Heading far west of the Var department, 20km from Toulon, you can discover the popular tourist village of Le Castellet. A very popular tourist destination which typifies the glorious Provence. A fortressed village you wander through the gates into a beautifully restored example of Provençal architecture. The 15th century Chateau which now is the town hall, offers excellent panoramic views of the massif Sainte Baume and the extensive wine growing region below. This is a particularly good area for the popular Bandol wines. The meandering streets, alleyways and lanes offer up bougainvillea covered stone work, sweet scented wisteria or jasmine when in season, and a beautiful colour combination against the soft cream coloured stone. There is a wealth of shops selling everything Provençal from soaps, candles, beauty products as well delicious food treats such as tapenade and olive oils.Visit le Castellet at lunch time – you won’t be short of choice of restaurants and the scents and aromas of local home cooking will be difficult to pass by!
Saint-Maximin-la-Sainte-Baume – a vibrant town with an exceptional history
North west of the region close, 34km south of Aix-en-Provence, it is a bustling town, a great shopping area mixed plenty of historic interest. The town is dominated buy the magnificent Basilica of Sainte-Marie-Madeleine built in the 13th century and houses the remains and the tomb of Mary Magadelene. It is reported that she arrived in France after the crucifixion and spent much of her remaining life in the Grotte de la Sainte Baume. Her tomb was discovered in the 13th century and the Basilica was built on what was reputed to be an ancient crypt where her remains lay. It is a dedicated and popular pilgrimage destination. The Town Hall was built in the 18th century to welcome the pilgrims who came to visit the Basilicia. Also worthy of a visit in this interesting town is the Convent of the Dominican monks with is cloisters and gardens, located next to the Basilica.
St Tropez – famous throughout the World
St Tropez was once a sleepy fishing village and that is not difficult to imagine even today, despite the sparkling white yachts that align the harbour. Well known for its claim to fame from the 1950s and 1960s when it became immortalised as “the holiday resort” by the celebrities of the day. A reputation which has long been continued and enjoyed by the famous, fashionable, artists and so many more. But St Tropez is not just “their” haven or a place to go for people watching, although it is probably one of the most popular past-times during the summer season.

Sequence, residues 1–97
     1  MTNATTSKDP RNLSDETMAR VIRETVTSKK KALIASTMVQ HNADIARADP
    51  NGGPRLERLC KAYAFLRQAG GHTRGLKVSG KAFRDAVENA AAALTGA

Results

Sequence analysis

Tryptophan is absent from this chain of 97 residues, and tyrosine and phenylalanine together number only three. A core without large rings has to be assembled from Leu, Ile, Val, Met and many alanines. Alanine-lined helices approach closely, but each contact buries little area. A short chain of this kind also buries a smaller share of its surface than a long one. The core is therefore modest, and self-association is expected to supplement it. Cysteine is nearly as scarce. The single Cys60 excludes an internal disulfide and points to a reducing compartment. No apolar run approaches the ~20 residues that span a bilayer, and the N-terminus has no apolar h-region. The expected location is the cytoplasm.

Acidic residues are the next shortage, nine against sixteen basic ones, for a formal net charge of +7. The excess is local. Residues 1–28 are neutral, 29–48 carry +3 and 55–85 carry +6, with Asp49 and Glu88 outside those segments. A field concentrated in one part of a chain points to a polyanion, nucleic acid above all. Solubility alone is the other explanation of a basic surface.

But exploring the back streets of St Tropez, the narrow streets and alleyways, you will see the village at its heart. Wandering past the soft colours rose, terracotta, creams and yellows of the painted walls of the simple fisherman’s houses and climb up through the gardens surrounding the citadel to enjoy a perfect photo opportunity. On a clear and windy day you may be lucky enough to watch the yachts in the Gulf of St Tropez, a magnificent site.
Meander back down to the sea front, walk along the harbour wall, and take a look back at the façade which is so well know and you will see the origins of St Tropez clearly.
A visit to the Place des Lices, in the middle of the town, to watch the locals playing Boules, passing by the local artists at work on their brightly coloured paintings.
Perhaps you should allow yourself a visit of indulgence too, a visit the restaurant of La Tarte Tropézienne, which is located in the Place des Lices. The history of this delicious and totally “unfattening” tart goes back to the 1950s when the local baker made tart of brioche sponge and filled it with a thick layer of custard. He covered the top with large granules of sugar. Legend has it that Brigitte Bardot was filming in Saint Tropez and is reputed to have claimed it was the best cake she had ever tasted. The legend continues that she persuaded the baker to name the cake La Tarte Tropézienne! The restaurant remains and the Tarte Tropézienne is found in almost all good Patisserie shops locally. Naughty but incredibly nice!
Because of the sheer size of the Provence Department of the Var it would be impossible to offer a guide to all the villages or places of interest. Many of our villas are located within an easy driving distance of all of the village we have mentioned. It is a region rich in culture, history, interest and enjoyment. We are sure it will offer the clients of Affinity Holidays France an opportunity to enrich their holiday experience.